And that’s before you get to some of the cleverer applications.
Many bulbs have routines you can set or even create – why not wake up to a gradually brightening light in the morning, bringing you gently out of your deep sleep, so you feel more refreshed?
And if you want to really delve into some clever third-party apps, you can have your lights do all sorts of neat tricks on top of their regular use.
You could set them to mirror flashes of lightning to scare trick or treaters on Halloween?
Or just have them flash when your pizza order is about to arrive?
If you buy a smart fire alarm, you can even set them to flash when the alarm is triggered, which is fantastic for anyone hard of hearing.
This just scratches the surface of some of the potential ways you can use smart lighting in your home.
Smart Lighting Costs
So, intelligent lights don’t need special fixtures, and they offer a lot of extra features that can be really handy.
Why haven’t we all made the switch to only buying smart bulbs already?
The main reason is the cost.
Smart lights are a lot more expensive than a standard light bulb.
For example, if you buy a Philips Hue White A19 smart bulb on Amazon you’re likely to pay around $15.
You could buy a 6-pack of non-smart Amazon Basics brand LED bulbs of the same size for the same price.
It gets worse if you decide on RGB bulbs.
Don’t be surprised to see a Hue RGB bulb set you back around $50, although you can often find bundles that offer better value.
You may also want to buy a hub to make it easier to control a large number of bulbs or operate them remotely.
Expect to pay another $50-60 for that standalone, unless you decide to begin with a starter pack that includes the hub and at least one bulb.
WiFi vs Bluetooth vs Zigbee vs Z-Wave: Technologies Used In Smart Lighting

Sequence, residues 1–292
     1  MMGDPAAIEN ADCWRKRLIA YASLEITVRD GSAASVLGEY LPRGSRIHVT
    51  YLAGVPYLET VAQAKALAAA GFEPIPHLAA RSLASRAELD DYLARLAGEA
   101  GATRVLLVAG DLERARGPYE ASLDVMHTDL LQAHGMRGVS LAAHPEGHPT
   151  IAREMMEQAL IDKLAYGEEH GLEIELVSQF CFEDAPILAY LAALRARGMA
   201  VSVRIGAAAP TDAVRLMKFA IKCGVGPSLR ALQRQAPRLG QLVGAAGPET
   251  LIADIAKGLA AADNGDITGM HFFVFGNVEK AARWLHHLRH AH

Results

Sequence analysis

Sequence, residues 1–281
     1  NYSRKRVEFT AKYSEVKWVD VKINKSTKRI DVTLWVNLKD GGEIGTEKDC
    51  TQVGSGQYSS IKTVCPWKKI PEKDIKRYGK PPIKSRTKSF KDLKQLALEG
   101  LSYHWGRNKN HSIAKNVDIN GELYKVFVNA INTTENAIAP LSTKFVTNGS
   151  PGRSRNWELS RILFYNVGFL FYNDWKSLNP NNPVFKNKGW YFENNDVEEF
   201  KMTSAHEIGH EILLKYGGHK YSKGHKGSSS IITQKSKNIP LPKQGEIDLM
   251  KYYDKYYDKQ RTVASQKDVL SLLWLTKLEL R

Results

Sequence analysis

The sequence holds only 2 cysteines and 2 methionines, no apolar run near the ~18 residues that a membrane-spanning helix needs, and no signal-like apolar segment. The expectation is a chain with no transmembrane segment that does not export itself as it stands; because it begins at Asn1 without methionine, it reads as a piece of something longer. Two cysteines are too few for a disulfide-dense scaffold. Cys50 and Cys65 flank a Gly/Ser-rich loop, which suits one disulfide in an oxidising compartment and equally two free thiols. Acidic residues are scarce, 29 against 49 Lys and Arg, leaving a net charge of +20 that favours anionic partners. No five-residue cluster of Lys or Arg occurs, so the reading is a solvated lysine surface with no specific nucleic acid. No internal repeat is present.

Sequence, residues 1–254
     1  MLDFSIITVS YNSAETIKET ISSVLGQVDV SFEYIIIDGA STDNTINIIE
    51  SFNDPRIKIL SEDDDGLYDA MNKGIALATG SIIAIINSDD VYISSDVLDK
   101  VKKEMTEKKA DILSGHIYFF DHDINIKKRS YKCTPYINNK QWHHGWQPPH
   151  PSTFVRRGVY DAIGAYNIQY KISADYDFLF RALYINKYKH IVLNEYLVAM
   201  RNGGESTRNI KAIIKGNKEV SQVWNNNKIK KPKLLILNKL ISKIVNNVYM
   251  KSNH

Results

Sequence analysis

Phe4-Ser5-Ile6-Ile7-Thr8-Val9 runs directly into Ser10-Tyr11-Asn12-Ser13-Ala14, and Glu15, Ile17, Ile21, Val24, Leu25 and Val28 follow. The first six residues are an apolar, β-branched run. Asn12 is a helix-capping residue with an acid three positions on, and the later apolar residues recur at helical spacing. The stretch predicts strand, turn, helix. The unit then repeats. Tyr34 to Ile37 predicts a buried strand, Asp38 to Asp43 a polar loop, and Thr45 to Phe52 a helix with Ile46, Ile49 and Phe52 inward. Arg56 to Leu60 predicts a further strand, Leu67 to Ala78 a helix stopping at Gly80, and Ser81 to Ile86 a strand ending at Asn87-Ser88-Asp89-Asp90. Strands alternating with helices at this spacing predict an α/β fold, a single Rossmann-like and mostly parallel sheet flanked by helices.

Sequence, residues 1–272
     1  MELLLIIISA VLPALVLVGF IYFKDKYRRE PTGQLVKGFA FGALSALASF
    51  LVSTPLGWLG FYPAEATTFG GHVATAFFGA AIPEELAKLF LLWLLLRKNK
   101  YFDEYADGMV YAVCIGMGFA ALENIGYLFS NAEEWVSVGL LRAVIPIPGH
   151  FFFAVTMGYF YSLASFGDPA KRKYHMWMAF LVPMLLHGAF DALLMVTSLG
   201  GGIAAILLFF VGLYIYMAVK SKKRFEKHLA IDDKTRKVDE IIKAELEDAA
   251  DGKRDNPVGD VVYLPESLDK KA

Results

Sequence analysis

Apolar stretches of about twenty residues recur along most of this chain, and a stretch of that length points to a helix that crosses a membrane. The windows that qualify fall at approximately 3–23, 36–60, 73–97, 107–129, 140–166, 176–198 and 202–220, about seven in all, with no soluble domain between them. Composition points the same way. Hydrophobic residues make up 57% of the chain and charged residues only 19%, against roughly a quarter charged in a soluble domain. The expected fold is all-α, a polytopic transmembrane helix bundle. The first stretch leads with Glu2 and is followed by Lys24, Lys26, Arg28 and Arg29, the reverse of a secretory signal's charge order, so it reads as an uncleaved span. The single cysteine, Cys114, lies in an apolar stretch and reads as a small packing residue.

There are a number of different network technologies used within smart bulbs. Here’s a breakdown of each of them, and their benefits.
There’s no twist here – WiFi just refers to your regular WiFi network at home.
Smart lights that use a WiFi signal will use your WiFi router as a communication hub. When you ask your phone to turn off your lights, it connects directly via your home wireless connection.
This has its benefits – your coverage will be pretty strong (if you have an OK router), you don’t need to buy an extra hub. WiFi networks are designed to control a lot of devices (although, eventually, bandwidth may struggle, mainly if you stream a lot of videos or make online video calls too).
The main drawback is WiFi’s unreliability.
How often has someone in your family asked if the WiFi is down, even if it’s fine for other devices?
It generally works but can be temperamental.
Newer generations of smart bulbs often include Bluetooth technology.
Bluetooth’s another easy-to-use option that doesn’t require a hub – your phone will just connect directly with the bulbs to control them.
However, there are some drawbacks to Bluetooth. The range is low – approximately 30 feet, though that can vary – and you can only communicate with so many bulbs at once.
As an example, with Philips Hue, it is 10 bulbs. Unfortunately, this typically isn’t enough for your whole home.
You also can’t group bulbs, which would let you switch off all lights in one room at a time.
Zigbee is described as a ‘self-forming mesh network, which just means that as soon as you power on a Zigbee-enabled device, it will instantly reach out and connect with other Zigbee devices in range.
Each device also acts as a mini-hub to relay your ‘messages’ from the app to other devices, which boosts the range.
Zigbee networks are very similar to WiFi, operating on a 2.4Ghz radio frequency – there is a small chance of interference between the two, but it’s not common – and you do need a separate hub.
This might be a branded lighting hub for smart lights, or you can buy a dedicated hub for a wider range of smart tech.
Some smart speakers, like the top-end Amazon Echo Plus, work as a Zigbee hub.
Z-Wave is another technology similar to Zigbee, requiring its own hub to work and operating separately from your WiFi.